It had been raining, so some of the cast got a bit wet before sitting down to sign autographs. That morning, I waited in line for Hersha Parady (Alice Garvey), Radames Pera (John Sanderson Jr.), and Charlotte Stewart (Miss Beadle). All of them were so pleasant. 

Divas Beth and Lorrie get their autographs.


We did more sightseeing and had lunch in the park. I chatted with some local authors and collected their business cards. We also waited in line to get autographs from Alison Arngrim (Nellie Oleson), Dan McBride (Henry Riley--the guy who always ate at Nellie's Restaurant, but always complained about the food), and the Turnbaugh Twins who played Grace Ingalls. 


Nasty Nellie Oleson (but Alison is very nice).


We ate at Red Rooster for supper and then we hung out together until bedtime. Another day of traveling awaited us. 


Monday, June 29, 2015

The Protest: LHOP Inspired Fan Fiction by Cheryl C. Malandrinos





The Protest

LHOP inspired fan fiction by Cheryl C. Malandrinos

Disclaimer: I do not own the Little House on the Prairie television series, book series, or any of the characters.

Almanzo poked his head out of the doorway of the Feed and Seed when he heard Eliza Jane call his name. "Yeah, Sis."

Her skirt swished as she walked up to the platform. "I have a favor to ask of you. Laura Ingalls is taking a temporary teaching job in Curry. Would you mind driving her back and forth?"

"I dunno, Sis." His eyes wide, he wondered how he could get out of this. "Can't Mr. Ingalls do it?"

Eliza Jane shook her head. "Caroline was just telling me the other day how busy he is at the mill with Mr. Garvey away. 

"And there's nobody else?"

"What's wrong with you, Mannie? Laura and you are friends and you're always saying Barnum could use the exercise."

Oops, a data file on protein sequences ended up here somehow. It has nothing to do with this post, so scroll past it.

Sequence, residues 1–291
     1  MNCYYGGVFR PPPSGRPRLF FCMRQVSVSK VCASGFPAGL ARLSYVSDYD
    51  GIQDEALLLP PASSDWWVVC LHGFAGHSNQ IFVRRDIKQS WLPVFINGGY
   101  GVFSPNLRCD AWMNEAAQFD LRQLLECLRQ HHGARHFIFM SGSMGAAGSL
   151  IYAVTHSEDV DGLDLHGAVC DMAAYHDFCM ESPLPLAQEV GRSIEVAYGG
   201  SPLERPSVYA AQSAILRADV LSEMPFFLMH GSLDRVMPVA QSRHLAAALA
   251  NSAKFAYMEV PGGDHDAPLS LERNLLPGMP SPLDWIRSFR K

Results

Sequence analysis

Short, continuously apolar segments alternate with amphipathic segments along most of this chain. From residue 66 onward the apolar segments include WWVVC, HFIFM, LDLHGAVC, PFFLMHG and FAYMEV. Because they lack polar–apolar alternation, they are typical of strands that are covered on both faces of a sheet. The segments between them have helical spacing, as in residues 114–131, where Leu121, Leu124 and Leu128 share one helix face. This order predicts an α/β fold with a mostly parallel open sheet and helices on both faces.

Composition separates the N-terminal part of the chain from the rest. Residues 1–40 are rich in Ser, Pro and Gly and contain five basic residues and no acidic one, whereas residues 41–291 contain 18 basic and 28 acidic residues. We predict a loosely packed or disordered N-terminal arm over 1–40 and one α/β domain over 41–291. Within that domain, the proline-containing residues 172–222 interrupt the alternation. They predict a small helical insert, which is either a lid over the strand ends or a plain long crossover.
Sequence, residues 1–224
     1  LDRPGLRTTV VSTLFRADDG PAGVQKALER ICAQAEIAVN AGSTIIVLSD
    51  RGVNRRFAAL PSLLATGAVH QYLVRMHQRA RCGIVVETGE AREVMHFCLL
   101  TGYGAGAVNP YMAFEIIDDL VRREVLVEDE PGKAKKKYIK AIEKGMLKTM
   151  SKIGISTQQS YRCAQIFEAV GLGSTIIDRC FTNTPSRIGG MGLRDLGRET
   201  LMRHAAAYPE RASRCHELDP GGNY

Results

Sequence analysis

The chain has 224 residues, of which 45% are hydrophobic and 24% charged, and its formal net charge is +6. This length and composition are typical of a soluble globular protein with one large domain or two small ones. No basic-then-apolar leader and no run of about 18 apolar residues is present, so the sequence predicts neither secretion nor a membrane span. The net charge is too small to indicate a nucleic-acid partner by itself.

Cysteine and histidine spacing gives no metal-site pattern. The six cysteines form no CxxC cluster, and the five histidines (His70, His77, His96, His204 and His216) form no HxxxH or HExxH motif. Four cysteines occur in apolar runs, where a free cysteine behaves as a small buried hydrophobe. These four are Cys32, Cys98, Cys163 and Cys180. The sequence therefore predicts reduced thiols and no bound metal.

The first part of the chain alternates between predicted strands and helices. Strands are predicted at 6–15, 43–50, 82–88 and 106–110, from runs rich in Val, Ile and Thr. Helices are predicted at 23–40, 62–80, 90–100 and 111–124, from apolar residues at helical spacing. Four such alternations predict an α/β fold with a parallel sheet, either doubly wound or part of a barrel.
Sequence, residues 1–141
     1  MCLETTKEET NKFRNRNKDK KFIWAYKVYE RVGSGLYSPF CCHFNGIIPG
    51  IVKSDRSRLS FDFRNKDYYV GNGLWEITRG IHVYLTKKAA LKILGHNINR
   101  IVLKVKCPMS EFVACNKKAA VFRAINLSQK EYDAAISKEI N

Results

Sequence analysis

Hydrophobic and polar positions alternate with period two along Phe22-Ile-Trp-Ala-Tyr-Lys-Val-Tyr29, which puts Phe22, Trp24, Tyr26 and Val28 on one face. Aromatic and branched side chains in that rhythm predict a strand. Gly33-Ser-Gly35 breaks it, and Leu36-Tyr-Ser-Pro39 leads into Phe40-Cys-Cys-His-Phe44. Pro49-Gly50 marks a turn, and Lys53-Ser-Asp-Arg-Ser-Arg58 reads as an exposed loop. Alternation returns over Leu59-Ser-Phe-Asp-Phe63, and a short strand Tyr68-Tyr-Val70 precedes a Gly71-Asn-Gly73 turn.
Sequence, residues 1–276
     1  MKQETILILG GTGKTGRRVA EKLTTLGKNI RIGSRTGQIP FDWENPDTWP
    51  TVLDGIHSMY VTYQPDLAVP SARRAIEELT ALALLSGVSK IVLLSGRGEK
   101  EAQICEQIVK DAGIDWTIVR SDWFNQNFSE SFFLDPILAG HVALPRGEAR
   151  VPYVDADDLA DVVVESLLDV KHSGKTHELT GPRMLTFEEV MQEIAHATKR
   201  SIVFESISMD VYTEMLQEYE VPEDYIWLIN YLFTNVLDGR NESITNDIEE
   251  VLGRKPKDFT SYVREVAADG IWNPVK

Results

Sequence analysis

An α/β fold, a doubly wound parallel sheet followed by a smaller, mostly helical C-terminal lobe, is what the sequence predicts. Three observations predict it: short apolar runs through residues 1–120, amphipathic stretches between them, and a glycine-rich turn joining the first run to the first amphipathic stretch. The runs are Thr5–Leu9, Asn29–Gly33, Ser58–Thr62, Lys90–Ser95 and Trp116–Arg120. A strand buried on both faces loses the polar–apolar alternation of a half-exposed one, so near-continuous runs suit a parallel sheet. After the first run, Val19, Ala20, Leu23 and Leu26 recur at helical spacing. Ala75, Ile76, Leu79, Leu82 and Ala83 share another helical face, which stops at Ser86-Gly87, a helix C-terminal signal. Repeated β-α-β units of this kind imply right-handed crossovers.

Almanzo removed his hat and jumped down off the platform. "I just don't wanna give Beth the wrong impression."

She squinted. "What are you talking about?"

"I've tried my best not to encourage this crush of hers." He shrugged. "If I take her, she might think it means somethin' it don't."

Eliza Jane pursed her lips. "I honestly don't believe she feels that way for you anymore."

"Whatya mean?" he asked, surprisingly hurt by her remark. 

"I honestly think she's passed being enamored with you. She hasn't said anything about the buggy ride you took her on a few weeks ago, nor has she asked to go again. Besides, there are new young men coming into town all the time. And of course there's the matter of Perley Day. She seemed quite taken with him while he was here."

"Perley Day never woulda been a likely suitor for her," he said. "He doesn't care about anyone but himself."

Eliza Jane placed her hand on top of his arm. "I think you're being too hard on him. I know he's irresponsible and reckless at times, but he truly seemed to like her. I wonder what might have happened between the two of them if he had stayed."

"I don't wanna talk about him, Eliza Jane."

"Then why don't you tell me what's really bothering you."

He lowered his head. "I already told ya."

"I think you're making more of this than there is. All I'm asking is for you to drive her to and from work."

He shuffled his boots in the dirt. "What boys have been noticing her?"

"Jimmy Hill and Christie Kennedy are no longer courting, and I understand he was quite smitten with Laura when his family lived in town before. There's that new boy Seth whose father bought the old Jenkins farm, and even Bart Slater is taken with her...though he knows she would never have him."

"Whatya know about these boys?" he asked suspiciously. "I mean, we all know Slater is trouble, but what about the other two?"

Eliza Jane placed a hand across her chest. "Since when did you become so protective of Laura Ingalls?"